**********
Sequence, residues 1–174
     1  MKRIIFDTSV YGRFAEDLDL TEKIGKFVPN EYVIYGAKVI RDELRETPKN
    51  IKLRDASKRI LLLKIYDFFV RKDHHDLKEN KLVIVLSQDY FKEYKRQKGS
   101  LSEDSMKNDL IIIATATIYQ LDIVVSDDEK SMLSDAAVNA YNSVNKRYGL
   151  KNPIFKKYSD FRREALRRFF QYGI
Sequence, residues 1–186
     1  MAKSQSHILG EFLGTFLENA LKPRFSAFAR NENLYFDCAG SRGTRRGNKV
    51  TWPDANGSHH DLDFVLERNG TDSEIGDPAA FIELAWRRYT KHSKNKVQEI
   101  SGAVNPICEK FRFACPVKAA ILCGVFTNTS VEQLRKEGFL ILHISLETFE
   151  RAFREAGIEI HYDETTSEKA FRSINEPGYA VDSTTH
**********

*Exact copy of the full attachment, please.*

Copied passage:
Sequence, residues 1–174
     1  MKRIIFDTSV YGRFAEDLDL TEKIGKFVPN EYVIYGAKVI RDELRETPKN
    51  IKLRDASKRI LLLKIYDFFV RKDHHDLKEN KLVIVLSQDY FKEYKRQKGS
   101  LSEDSMKNDL IIIATATIYQ LDIVVSDDEK SMLSDAAVNA YNSVNKRYGL
   151  KNPIFKKYSD FRREALRRFF QYGI
Sequence, residues 1–186
     1  MAKSQSHILG EFLGTFLENA LKPRFSAFAR NENLYFDCAG SRGTRRGNKV
    51  TWPDANGSHH DLDFVLERNG TDSEIGDPAA FIELAWRRYT KHSKNKVQEI
   101  SGAVNPICEK FRFACPVKAA ILCGVFTNTS VEQLRKEGFL ILHISLETFE
   151  RAFREAGIEI HYDETTSEKA FRSINEPGYA VDSTTH